Kashamu’s extradition suit: Court awards N50,000 each to DSS, NDLEA
A Federal High Court in Lagos on Thursday, awarded N50,000 each in favour of the Director-General, State Security Service (DSS) and the National Drug law Enforcement Agency NDLEA, in a suit instituted by Sen. Buruji Kashamu.
Kashamu is seeking to stop his extradition to the United States, to face drug related charges.
Kashamu, who is Senator representing Ogun East Senatorial District at the National Assembly, had in his suit labelled FHC/L/CS/930/2018, joined the following as respondents:
The Inspector General of Police, Commissioner of Police, Lagos Police Command, Director General, State Security Service (DSS), National Drug law Enforcement Agency NDLEA, and the Attorney General of the Federation (AGF)
He is urging the court to restrain the respondents and their agents from arresting or detaining him, in any manner whatsoever, or interfering with his right to personal liberty and freedom of movement.
In a ruling, Justice Chukwujekwu Aneke, gave the order, following the absence of the Kashamu’s lawyer, Mrs Ifeoma Esom.
Justice Aneke asked Mr O.Bajela who appeared and J.N. Sunday who appeared for the DSS and NDLEA if they had seen a letter from the plaintiff counsel, seeking adjournment over another case she had at the Court of Appeal.
Responding, they expressed dissatisfaction over the frequent adjournment, on the grounds that the case had been adjourned severally at the instance of plaintiff.
He added that it was the case of the plaintiff and they ought to exhibit diligence.
Consequently, the third defence counsel urged the court to award a cost of N100,000 in its favour against the plaintiff.
In the same vein, fourth defence counsel, also asked for a cost of N200,000 against the plaintiff.
Justice Aneke awarded a cost of N50,000 each in favour of third and fourth defendants and adjourned the case until Oct. 31 for hearing..
NAN reports that Aneke had taken arguments in the suit from respective parties and had reserved his judgment until April 29.
On April 29, judgment could not be delivered in the suit as the period fell within the Easter vacation, and the court did not sit.
The matter was consequently, adjourned until May 10.
On May 10, the case was set down for hearing on June 6.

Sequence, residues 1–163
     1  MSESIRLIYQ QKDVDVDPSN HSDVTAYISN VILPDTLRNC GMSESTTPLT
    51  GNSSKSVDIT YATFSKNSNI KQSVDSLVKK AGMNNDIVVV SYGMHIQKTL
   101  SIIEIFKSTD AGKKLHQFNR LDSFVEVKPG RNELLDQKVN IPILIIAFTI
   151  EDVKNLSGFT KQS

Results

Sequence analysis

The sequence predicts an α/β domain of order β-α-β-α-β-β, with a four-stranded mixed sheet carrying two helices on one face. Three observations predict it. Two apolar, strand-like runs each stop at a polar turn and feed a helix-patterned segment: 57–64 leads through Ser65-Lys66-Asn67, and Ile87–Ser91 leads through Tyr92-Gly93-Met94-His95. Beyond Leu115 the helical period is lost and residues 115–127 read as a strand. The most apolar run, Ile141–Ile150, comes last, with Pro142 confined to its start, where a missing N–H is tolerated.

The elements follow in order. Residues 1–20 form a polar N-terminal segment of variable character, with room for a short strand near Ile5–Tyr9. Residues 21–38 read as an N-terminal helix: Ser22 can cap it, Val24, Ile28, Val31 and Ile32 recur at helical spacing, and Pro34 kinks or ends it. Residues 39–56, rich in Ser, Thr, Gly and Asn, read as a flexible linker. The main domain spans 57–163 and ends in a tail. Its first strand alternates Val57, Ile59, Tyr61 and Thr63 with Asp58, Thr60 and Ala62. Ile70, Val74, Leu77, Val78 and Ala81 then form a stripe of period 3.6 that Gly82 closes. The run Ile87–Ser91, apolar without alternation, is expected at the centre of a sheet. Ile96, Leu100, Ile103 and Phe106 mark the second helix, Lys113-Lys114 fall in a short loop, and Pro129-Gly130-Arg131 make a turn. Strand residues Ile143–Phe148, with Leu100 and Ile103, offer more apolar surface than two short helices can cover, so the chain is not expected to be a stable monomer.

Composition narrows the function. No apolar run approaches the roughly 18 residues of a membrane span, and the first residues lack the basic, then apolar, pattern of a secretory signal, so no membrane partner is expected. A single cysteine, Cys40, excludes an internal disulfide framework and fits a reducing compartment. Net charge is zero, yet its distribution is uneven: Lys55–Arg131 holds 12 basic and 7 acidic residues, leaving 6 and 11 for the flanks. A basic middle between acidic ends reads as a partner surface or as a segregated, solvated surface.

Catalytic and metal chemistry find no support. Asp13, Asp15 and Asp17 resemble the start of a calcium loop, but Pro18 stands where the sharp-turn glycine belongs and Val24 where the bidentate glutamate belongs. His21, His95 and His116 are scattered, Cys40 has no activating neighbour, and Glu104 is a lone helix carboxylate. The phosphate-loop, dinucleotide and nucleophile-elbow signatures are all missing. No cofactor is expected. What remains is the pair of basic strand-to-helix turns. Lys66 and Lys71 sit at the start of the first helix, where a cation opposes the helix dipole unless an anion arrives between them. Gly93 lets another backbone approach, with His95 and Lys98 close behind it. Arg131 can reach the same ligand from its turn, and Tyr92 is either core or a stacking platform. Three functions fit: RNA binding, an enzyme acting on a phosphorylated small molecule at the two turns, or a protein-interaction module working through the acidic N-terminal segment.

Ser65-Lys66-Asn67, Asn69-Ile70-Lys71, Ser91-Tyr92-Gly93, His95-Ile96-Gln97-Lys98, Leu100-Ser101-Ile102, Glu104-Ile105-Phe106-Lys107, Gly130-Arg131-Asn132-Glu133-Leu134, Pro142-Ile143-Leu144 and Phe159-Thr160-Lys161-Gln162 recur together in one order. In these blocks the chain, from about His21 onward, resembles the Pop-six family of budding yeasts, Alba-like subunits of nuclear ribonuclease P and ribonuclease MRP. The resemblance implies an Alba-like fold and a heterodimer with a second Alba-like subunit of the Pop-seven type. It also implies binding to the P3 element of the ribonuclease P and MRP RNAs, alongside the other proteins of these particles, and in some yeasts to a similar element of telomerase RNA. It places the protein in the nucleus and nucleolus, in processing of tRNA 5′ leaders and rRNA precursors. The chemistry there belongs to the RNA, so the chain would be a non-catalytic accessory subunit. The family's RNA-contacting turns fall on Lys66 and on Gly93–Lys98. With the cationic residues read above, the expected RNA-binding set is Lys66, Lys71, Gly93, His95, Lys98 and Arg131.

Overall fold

In a supporting affidavit, the applicant averred that by a newspaper publication, the Attorney General of the Federation was reported to have said that the U.S. Government had been told to make fresh request for his extradition, after the former proceedings were dismissed.
He averred that, in a proceeding instituted in England by the U.S. authorities between 2002 and 2003, it was established that he was not the one implicated in the alleged narcotics offence committed in the U.S. in 1994.
He said that consequently, he was not the person sought after by the U.S. authorities.
Kashamu, is therefore, urging the court to restrain the respondents and their agents from arresting or detaining him in any manner whatsoever, or interfering with the applicants’ right to personal liberty and freedom of movement
Meanwhile in a preliminary objection, deposed to by one Kareem Olayinka, the NDLEA averred that authorities of the United States are currently seeking to extradite the applicant to their country, to answer charges relating to Heroine trafficking.
He said that the U.S. government then made a request to the Nigerian government, for the applicant to be extradited sometime in May 2015.
The Agency said that since Kashamu got wind of the extradition request, he has filed multiplicity of law suits relating to the issue.
He averred that in all these actions the basic relief sought, is a restraining order against the NDLEA, from arresting and extraditing him to the U.S.
According to the NDLEA, this suit does not disclose any cause of action against the respondent, adding that the multiplicity of the action by the applicant against the NDLEA is intended to divert its energy and attention from discharging its mandate to the nation.
He, avers therefore, that the NDLEA needs the protection of the court to stop this trend, as the applicant is only engaged in shopping for a forum that will grant his desired reliefs.
The Agency is therefore, asking the court to dismiss the suit.